Weekend Wraps up on the Best Muster Ever!
The campfires have been put out, the tent pegs pulled and a whole host of happy campers have returned home from their pilgrimage to the Amamoor Creek State Forest, with fond memories of what will no doubt go down as the best Gympie Music Muster to date!
From Thursday 28 – 31 August, over 50,000 punters from all over the country (and the world), enjoyed music, dancing, great food, poetry, and all round revelry at the Australia’s largest charitable music and camping festival – and number one bush bash.
Over 120 artists graced seven stages over the course of the Muster. Country giants like Kasey Chambers, Lee Kernaghan, Sara Storer, John Williamson, Adam Harvey and The McClymonts, joined Aus music legends Glenn Shorrock & Brian Cadd, Russell Morris and Jon English and a diverse mix of incredible artists from a range of genres, including Thelma Plum, Josh Pyke and Bob Evans.
Behind the scenes there was a sea of volunteers who were the driving force of the event, without whom there would be no Muster for people to enjoy.
Gympie Music Muster General Manager Jeff Chandler said he couldn’t have been happy with the way things turned out.
“We are really ecstatic with this year’s Muster, the performances, the weather and of course the crowd,” he said. “I don’t think you could find a friendlier, happier crowd at any music festival in Australia. I really do think this was the best Gympie Music Musterwe’ve had, but we’re going to be pulling out all stops to top it in 2015.”
Muster by the Numbers
50,000+ – Aggregate number of Muster attendees over the four days.
80% – of the Muster attendees were also campers.
$5 Million – Economic impact to the Gympie region alone.
9,700 – Average number of Akubras on site per day.
3,400 – Volunteers and community participants.
120 – Performers who graced the Muster stages
200 – Performances over the course of the event.
3,900 – Songs performed over the four days.
720,000 – Litres of water trucked onto the site.
300 – Kilometres of toilet paper used.
The Muster exceeded the data usage of the town of Kingaroy, essentially making it a little town in the bush.
Did you know Gympie was originally called Nashville? That’s right, Gympie was founded by one James Nash and it shared its name with the world’s country music Mecca.
The festivities kicked off in fine form and fine weather on Thursday morning with X-Factor favourite Caitlyn Shadbolt helping the team from Sunrise TV with a live weather cross to the site. That evening crowds at the Main Stage were wowed with performances by multi-award winning mainstay Jon English and Australian born, Nashville-based husband and wife duo, O’Shea.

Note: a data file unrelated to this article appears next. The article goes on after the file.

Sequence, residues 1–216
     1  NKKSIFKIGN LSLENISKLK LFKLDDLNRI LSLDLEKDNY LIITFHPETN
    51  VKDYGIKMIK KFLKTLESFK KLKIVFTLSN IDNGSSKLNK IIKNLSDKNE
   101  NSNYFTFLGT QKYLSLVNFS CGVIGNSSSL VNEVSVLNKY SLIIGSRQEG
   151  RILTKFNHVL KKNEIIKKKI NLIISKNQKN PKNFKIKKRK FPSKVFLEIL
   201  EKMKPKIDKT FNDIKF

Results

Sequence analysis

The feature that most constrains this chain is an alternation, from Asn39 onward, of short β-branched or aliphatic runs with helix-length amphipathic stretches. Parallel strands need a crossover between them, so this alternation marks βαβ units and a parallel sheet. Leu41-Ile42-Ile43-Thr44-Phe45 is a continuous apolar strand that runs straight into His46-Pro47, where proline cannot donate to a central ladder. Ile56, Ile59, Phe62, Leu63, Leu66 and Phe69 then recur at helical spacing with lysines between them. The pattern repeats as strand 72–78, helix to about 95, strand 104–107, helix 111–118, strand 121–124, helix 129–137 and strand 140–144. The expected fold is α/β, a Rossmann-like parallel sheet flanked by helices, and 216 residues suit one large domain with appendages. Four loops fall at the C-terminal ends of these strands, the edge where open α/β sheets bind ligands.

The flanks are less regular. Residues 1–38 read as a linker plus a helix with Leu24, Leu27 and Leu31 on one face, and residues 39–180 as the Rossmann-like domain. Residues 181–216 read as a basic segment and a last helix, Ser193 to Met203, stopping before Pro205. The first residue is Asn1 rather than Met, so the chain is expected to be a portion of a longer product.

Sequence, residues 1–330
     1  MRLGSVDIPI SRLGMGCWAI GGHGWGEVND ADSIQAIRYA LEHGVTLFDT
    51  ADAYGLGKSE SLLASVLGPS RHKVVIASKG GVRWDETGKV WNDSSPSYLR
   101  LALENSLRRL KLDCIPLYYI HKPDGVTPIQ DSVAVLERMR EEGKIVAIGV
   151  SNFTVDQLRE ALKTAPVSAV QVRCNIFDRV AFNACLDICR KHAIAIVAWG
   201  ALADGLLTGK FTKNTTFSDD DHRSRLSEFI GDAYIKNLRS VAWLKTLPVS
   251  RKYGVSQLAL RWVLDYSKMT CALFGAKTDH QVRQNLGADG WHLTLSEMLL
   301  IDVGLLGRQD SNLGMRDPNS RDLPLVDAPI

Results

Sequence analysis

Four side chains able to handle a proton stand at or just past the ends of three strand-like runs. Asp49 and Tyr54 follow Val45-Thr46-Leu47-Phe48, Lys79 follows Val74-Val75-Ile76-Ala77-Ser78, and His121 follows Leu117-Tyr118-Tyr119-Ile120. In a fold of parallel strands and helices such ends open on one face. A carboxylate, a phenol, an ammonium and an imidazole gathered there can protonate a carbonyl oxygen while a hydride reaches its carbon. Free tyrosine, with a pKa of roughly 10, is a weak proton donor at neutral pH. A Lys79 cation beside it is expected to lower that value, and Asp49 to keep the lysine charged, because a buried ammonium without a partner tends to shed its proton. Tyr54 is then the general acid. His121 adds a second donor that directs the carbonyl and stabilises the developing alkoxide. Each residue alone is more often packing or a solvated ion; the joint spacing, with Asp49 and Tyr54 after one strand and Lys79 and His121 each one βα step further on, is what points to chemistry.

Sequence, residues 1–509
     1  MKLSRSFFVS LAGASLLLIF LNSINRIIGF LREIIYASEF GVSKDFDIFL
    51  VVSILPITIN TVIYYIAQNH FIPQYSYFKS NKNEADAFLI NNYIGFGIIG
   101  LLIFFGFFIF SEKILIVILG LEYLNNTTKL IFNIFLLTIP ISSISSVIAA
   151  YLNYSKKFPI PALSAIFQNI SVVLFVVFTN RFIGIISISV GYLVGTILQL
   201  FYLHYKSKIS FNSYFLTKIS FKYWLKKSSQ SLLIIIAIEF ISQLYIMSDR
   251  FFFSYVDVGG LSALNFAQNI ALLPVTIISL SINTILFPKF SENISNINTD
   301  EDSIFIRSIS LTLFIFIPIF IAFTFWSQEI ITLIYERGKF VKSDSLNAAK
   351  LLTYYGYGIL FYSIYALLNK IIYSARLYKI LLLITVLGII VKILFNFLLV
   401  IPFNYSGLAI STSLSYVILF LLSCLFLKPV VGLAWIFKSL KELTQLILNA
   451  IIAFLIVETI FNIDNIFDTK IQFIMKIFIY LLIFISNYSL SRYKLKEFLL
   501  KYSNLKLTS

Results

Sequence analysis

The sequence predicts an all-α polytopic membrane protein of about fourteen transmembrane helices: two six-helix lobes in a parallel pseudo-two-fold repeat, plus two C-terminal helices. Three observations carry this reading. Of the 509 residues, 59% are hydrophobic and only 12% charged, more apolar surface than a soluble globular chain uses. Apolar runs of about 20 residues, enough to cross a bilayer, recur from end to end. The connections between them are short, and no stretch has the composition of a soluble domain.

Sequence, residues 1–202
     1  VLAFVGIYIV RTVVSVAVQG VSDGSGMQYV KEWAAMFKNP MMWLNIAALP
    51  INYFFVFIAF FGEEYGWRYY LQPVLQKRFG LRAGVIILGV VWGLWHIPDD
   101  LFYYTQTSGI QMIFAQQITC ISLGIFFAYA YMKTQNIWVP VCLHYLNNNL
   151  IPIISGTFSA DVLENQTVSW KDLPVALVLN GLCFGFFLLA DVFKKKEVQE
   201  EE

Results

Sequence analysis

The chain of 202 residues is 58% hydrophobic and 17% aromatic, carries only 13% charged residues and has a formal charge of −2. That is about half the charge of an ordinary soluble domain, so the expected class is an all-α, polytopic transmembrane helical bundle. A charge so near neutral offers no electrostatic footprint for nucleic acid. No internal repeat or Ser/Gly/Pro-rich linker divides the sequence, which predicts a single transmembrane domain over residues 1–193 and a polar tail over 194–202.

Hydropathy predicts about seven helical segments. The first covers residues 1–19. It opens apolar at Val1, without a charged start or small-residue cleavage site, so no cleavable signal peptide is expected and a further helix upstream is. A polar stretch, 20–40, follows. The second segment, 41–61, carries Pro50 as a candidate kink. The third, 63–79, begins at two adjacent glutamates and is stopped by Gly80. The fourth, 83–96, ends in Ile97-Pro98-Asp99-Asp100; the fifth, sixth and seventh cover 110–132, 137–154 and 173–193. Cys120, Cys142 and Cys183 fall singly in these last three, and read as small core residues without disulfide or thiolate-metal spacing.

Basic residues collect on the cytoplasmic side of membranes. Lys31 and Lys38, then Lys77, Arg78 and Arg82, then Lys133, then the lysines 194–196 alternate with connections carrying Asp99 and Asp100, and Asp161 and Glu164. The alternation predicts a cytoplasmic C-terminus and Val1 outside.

It’s always a riot as things pick up on Friday night at the Muster, and this year didn’t disappoint, with plenty of campers arriving at the site for the weekend. McAlister Kemp’s show blew audiences away with the addition of a full Scottish military band complete with kilts and bagpipes.
The King of Country, Lee Kernaghan, drew a huge crowd to the Main Stage andARIA Hall of Famer, Russell Morris, satisfied audiences at the Blues and Roots stage with his popular repertoire of new and classic tunes.
One of the most heart-warming stories of the festival came on Saturday when Muster organisers and charity partner Buy A Bale provided tickets and transport to 100 farmers from the South Burnett region who’ve been struggling with severe drought conditions, for a day off filled with fun, laughter, a private performance by Sara Storerand even a free beer.
True to form as Muster Ambassadors, The McClymonts entertained the venue capacity crowd later that evening with hit after hit, while reminiscing on how their careers started out at The Muster Talent Search years earlier. Things heated up whenKasey Chambers started her set, blasting out raw, bluesy songs from her latest album, heard live for the first time at the event.
Country legend and Muster veteran Adam Harvey played two sets, on the Main Stageand at the Muster Club and was ecstatic with the event’s atmosphere.
“The Gympie Music Muster is kind of like the Woodstock for country music fans, you go up there and camp and go crazy for a week, it’s a lot of fun,” he said.
The good weather and great vibes held on through to Sunday, for an incredible wrap-up to the Muster. Golden Girl Sara Storer made a final appeal for donations to drought stricken farmers through the Buy A Bale foundation and the man compared to a modern Slim Dusty, John Williamson, finished up performances on the Main Stage with a string of crowd-pleasing string of hits.